Top 4 treats of failing business models

Many entrepreneurs and businessmen, especially those tech-savvy (co-) founders whose rise is almost as accidental as that of Facebook, do not know or give enough consideration to business model of their businesses.  Small businesses and startups are especially prone to this problem, as they focus on (new) product releases and never pause to assess and review their businesses or just vow for a “marketplace” business model.  The results? Many startups created but most of them fail without achieving any traction nor causing any significant impact.

What is needed is a paradigm shift. Every business venture/initiative needs to have a business model in a short- or long-term. The model expands on how the parts of the business work together to create profit and (eventually/ideally) growth. While the proven razor-and-blades model has been working and stil lworks for many a business, many startups and small businesses grow exponentially by embracing innovative business models for such wide and overcrowded markets as online gaming or discount markets.

What is needed is creation of a business model around a thick value. A flawed/misconceived business model might have a number of shortcomings, including:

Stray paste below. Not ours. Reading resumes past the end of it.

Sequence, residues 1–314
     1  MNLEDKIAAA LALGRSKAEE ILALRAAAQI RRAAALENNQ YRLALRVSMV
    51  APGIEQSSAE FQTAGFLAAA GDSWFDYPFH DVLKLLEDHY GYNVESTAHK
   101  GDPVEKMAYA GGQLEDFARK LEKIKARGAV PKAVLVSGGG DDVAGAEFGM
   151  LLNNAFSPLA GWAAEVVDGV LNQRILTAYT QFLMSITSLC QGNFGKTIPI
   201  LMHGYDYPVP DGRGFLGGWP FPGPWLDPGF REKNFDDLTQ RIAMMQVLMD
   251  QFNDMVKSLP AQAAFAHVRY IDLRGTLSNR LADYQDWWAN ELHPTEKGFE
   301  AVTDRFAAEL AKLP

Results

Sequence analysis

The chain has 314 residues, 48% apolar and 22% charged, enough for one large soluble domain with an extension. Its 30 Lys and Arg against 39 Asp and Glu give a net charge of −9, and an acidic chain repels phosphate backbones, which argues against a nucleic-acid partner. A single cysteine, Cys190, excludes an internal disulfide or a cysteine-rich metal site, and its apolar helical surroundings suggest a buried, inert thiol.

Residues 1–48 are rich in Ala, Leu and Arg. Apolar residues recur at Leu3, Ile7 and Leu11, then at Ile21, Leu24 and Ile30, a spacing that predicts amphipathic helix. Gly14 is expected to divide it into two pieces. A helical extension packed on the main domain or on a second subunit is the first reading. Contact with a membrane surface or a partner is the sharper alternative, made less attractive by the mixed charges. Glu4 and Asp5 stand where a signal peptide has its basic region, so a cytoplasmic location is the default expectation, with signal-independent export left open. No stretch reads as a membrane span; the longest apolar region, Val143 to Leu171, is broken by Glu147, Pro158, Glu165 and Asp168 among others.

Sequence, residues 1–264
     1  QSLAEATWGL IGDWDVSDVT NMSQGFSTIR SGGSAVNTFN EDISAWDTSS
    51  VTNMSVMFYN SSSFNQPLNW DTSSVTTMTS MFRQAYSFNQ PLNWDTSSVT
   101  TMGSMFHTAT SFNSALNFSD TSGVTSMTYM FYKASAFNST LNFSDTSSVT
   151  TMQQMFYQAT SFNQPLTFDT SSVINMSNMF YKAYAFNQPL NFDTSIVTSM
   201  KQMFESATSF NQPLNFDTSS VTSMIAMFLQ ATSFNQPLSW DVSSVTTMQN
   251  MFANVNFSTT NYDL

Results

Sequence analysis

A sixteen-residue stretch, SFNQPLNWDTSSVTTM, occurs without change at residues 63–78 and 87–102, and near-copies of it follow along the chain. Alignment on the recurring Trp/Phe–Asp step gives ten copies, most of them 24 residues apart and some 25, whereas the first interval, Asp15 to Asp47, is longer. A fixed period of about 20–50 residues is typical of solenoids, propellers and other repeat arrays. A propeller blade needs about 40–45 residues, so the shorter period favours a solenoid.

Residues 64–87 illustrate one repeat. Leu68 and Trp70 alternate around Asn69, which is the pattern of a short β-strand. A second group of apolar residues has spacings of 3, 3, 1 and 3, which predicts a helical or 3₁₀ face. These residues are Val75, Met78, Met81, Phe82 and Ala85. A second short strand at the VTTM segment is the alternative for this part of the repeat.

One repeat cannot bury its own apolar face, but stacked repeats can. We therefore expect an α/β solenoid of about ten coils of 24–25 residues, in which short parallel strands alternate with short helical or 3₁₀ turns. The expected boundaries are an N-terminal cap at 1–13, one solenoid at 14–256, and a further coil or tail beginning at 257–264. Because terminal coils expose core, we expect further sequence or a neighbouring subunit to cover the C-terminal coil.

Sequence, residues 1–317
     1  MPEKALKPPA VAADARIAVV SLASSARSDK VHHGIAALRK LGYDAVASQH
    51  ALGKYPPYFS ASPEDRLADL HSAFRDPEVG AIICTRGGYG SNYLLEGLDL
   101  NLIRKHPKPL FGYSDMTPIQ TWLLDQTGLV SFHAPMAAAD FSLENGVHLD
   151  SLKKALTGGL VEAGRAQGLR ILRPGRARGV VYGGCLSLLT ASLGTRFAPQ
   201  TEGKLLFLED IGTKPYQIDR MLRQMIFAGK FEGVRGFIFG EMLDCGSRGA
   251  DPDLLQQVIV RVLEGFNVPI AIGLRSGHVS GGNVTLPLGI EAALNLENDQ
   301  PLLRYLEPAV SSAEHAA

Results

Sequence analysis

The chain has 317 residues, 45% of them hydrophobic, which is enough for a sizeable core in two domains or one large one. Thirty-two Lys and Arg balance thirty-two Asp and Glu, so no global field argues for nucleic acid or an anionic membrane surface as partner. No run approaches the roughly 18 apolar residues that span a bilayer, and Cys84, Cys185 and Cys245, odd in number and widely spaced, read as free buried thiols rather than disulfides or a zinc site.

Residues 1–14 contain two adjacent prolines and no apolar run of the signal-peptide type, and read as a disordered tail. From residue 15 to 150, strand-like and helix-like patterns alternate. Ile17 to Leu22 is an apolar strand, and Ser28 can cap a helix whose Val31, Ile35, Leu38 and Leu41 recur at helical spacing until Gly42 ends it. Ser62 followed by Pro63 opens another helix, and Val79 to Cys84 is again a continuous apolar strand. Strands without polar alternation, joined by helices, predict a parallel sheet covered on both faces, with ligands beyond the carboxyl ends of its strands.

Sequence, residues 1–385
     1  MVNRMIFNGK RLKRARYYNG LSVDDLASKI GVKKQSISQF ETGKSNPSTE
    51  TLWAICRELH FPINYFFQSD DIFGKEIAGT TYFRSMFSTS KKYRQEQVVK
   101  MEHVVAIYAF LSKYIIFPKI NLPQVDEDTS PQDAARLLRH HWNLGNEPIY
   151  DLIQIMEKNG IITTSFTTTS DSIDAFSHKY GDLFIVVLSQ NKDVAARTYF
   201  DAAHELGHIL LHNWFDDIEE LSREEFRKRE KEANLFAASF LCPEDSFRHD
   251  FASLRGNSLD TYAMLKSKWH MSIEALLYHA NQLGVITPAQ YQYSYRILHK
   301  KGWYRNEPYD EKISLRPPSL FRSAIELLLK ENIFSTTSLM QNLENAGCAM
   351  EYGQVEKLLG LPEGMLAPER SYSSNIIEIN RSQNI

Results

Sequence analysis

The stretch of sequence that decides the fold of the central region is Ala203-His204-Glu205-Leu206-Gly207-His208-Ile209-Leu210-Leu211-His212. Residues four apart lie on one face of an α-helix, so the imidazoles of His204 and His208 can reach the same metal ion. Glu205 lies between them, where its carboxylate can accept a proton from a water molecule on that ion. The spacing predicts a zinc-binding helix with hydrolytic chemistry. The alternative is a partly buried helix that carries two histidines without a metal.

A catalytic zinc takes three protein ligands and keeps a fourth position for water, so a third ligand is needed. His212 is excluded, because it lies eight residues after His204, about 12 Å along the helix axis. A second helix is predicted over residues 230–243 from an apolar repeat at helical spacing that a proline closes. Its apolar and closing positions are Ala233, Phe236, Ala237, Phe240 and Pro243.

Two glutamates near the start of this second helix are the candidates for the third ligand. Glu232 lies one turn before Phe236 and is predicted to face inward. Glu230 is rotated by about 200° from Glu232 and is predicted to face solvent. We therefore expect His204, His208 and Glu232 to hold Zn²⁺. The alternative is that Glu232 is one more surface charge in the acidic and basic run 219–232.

1. un-Sustainable – if the business is built on momentary or not well-thought-out concept/trend, it cannot be sustained for long, only working (and perhaps providing profits in a short time span).
  2. un-Scalable – This is usually the result of business short-sight when first launching the business. User-base, marketing or demand growth can all lead to decreasing efficiencies/quality of the product.  ‘How long could my business continue to operate successfully without me?’ If the answer is not long then it is to dependent on you. The result is your business can not be scaled up beyond your own personal efforts.
  3. un-Profitable – Companies might grow but not become profitable, the eventual side-effect of any sustainable and successful business. There is a deep need of understand the concept of a profit model.
  4. un-Valuable – Is the business creating a real, thick value? Is it addressing an (un-addressed) need in a market? Is it addressing an (addressed) need in a more innovative, cheaper and sustainable manner? If NO for any of the two, than perhaps it is time to re-invent your business.

Stop. RE-view, RE-think and RE-assess your business. Do you want to be in it? If yes, can you pinpoint to a value that it creates and the business model that it works?